There would also have been special festivities to mark the safe end of the journey by using up the last of the food hoards and also there would have been apprehension that the tight web of relationships that had been built up during the time on board could be shattered by the intrusion of the world outside and there was little doubt that to see the back of some would be welcomed! On land, there also would have been as much excitement when the Castle Eden was sighted at the Heads as on board. A ship meant the latest mail and news of home, fresh cargo and for some, seeing relatives, friends and new settlers. 

A cool morning dawned on Friday, February 7th and the day that followed was cold and overcast. About l2 o'clock, the long awaited large ship, the Castle Eden, came to anchor about 2 miles down. A strong wind was blowing from the North-east. Immediately a boat left the shore but took a long time reaching the Castle Eden where  Doctor Jackson and his family were met on board by Godley and the clergy. He was said to be in the usual "landing fever" and despite the day being dismal and clouded,  was said to be "in raptures with the beauty of the place".

Artist William Howard Holmes (1825-1885) Cabin passenger on the Castle Eden; The label on his 1851 painting was transcribed by Dr Hocken - 1 Rhodes farm; Banks peninsula; 2. Native Pah; 3 Pulao Bay; 4 Castle Eden 930 tons; 5 Sumner Road; 6 Town of Lyttelton; 7 Port Victoria; (abounding good building stone)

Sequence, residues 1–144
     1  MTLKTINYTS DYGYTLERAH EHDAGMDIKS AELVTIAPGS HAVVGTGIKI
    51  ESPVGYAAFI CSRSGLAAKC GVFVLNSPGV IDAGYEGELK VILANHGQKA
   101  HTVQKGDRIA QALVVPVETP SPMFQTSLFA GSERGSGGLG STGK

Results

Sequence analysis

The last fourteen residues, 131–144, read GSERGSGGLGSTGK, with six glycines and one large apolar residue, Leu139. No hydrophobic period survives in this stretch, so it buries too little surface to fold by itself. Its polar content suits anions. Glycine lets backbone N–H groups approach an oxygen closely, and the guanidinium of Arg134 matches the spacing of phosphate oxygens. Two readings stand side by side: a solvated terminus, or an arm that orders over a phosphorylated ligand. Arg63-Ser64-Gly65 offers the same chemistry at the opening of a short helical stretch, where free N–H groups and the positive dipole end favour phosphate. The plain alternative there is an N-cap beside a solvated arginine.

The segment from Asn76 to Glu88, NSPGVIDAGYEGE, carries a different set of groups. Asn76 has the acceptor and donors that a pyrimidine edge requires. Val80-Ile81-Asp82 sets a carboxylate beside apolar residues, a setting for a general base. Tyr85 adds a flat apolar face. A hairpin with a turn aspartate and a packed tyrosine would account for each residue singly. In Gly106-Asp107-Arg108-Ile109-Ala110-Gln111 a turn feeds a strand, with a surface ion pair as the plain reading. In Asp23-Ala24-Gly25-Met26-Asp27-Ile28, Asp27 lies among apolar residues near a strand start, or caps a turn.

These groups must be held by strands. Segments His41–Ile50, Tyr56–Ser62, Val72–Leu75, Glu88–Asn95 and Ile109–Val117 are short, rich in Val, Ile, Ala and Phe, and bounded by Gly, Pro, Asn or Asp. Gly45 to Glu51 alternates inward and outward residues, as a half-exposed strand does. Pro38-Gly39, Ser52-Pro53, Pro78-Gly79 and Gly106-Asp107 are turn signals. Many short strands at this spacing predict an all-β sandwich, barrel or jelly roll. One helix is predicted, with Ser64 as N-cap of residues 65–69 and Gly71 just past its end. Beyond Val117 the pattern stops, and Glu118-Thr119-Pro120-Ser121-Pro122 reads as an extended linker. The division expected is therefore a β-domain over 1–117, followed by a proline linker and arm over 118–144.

Next day was Saturday: "The morning heat was intense. A nor-wester was blowing and it felt like the breath of a fiery dragon when it blew, yet was rather less oppressive when it did not blow than when it did. Fowls, dogs and men lay gasping about, unfit for work. The thermometer stood at 96 degrees, the greatest height that it has yet reached since arrival." The following day, the Sunday, was calm and cool and it was said that " Dr Jackson preached like a Saint Paul!"

On the Monday, "a cool sunny day with the harbour looking lovely" John may have gone ashore however it was likely that Ann and the boys may still have had to stay on board due to the sailor's strike. The good weather continued - "Tuesday" warm sun, cool breeze, delicious haze over everything and some passengers went ashore. Wednesday - "A very hot morning  and  sunny days. Wind from the sou-east" but Thursday was cooler.

On Friday February 14th, Saint Valentines Day, at long last the strike was quelled , allowing more immigrants to be taken ashore (warm before noon and cool afternoon) Some passengers continued to sleep on board while they waited for accommodation or until they left to go over the hill to the plain so they could avoid the lack of privacy in the cramped Immigration Barracks***. Other families, glad to be on solid ground at long last, improvised shelter and lived with their families in the bracken ashore.

View of Lyttelton below from the Bridle Path

*** The book "The Leslies" kindly sent by Mr Brian Leslie of Blenheim: Henry Leslie purchased land before leaving England, and his wife, widowed on arrival at Lyttelton, was given the privilege of accommodation at the Immigration Barracks for twelve weeks.
*** Centennial stamps 1950 celebrated the arrival of the first 4 ships.